Making herbicides work better

Nozzle selection

Of the many pieces that can affect weed control, nozzle selection is critically important. Understanding nozzle nomenclature is an important first step, since this tells us what type of nozzle we have, the spray angle, and the flow rate. For example, a nozzle labelled MR 110-04 is a mid-range flat-fan nozzle with a 110 degree spray angle and flow rate of 0.4 gallons per minute (GPM) at 40 psi (pounds per square inch).

Nozzles drastically influence spray coverage. Nozzles affect droplet size, which is the key factor influencing coverage, but if regulations or drift concerns mandate the use of a larger droplet size, you will likely need to increase your gallon per acre (GPA) rate to get the coverage needed.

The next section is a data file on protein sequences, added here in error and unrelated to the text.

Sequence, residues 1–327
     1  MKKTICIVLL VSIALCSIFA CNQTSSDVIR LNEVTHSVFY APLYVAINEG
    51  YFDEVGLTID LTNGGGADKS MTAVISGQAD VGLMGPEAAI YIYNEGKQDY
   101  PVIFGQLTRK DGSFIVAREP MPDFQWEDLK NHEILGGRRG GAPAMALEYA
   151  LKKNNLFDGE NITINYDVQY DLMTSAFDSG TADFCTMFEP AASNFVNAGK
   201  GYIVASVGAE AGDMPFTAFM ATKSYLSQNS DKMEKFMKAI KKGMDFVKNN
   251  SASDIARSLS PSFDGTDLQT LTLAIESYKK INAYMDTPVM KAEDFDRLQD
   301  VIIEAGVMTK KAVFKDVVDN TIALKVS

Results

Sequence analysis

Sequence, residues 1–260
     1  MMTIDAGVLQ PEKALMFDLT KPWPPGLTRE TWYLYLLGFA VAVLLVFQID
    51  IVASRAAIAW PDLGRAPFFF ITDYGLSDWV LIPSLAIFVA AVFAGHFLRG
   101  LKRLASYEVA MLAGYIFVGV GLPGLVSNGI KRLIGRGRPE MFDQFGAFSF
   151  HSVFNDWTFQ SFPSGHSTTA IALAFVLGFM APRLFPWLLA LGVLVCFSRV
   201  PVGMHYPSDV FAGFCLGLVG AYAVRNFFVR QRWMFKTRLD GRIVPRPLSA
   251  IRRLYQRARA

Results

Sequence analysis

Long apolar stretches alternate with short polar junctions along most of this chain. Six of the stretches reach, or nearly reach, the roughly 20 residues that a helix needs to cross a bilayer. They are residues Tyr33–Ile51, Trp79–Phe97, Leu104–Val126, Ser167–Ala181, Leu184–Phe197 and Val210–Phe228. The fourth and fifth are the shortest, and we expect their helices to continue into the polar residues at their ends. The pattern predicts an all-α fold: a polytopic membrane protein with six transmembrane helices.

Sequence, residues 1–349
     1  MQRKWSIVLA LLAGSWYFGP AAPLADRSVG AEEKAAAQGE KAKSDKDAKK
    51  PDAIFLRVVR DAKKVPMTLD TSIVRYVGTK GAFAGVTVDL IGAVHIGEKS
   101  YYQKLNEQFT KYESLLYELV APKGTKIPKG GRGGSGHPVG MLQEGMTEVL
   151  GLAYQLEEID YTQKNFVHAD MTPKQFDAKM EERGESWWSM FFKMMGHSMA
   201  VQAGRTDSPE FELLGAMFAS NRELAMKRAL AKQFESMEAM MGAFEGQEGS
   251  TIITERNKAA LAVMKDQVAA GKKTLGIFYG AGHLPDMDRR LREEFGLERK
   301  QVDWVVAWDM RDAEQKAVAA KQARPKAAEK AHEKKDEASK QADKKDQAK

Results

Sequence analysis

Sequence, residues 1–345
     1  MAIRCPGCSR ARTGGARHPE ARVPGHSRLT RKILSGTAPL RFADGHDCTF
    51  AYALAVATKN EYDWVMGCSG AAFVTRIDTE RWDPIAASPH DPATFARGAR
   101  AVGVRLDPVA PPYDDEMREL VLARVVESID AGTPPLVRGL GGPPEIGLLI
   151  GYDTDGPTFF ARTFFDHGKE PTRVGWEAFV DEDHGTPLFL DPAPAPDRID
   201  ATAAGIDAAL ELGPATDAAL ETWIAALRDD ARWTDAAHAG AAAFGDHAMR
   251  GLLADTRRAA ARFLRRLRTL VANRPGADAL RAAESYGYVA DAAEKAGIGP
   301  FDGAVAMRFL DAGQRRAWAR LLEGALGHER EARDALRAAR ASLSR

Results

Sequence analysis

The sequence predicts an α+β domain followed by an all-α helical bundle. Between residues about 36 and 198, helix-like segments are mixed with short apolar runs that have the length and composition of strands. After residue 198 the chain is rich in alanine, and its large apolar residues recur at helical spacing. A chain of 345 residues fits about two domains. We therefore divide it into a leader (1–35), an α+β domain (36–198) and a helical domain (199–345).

With a contact herbicide like glufosinate (a.i. in Liberty), droplet size is even more important than spray volume, although both are key in achieving acceptable control. With systemic herbicides like dicamba or glyphosate (a.i. in Roundup), droplet size has less of an effect, but even here, if droplet size is too big and spray volume is too low, you will not have the coverage needed and control can be reduced. Dr. Butts emphasized that you can’t consider just one of these factors without considering the other.

It is important to keep in mind that although XR nozzles can result in greater coverage since they produce smaller droplets than a drift-reducing nozzle, like a TTI nozzle, flat fan nozzles also result in the highest potential for drift. Drift potential must also be considered when selecting the right nozzle for an application.

Compatibility and nozzle interactions with adjuvants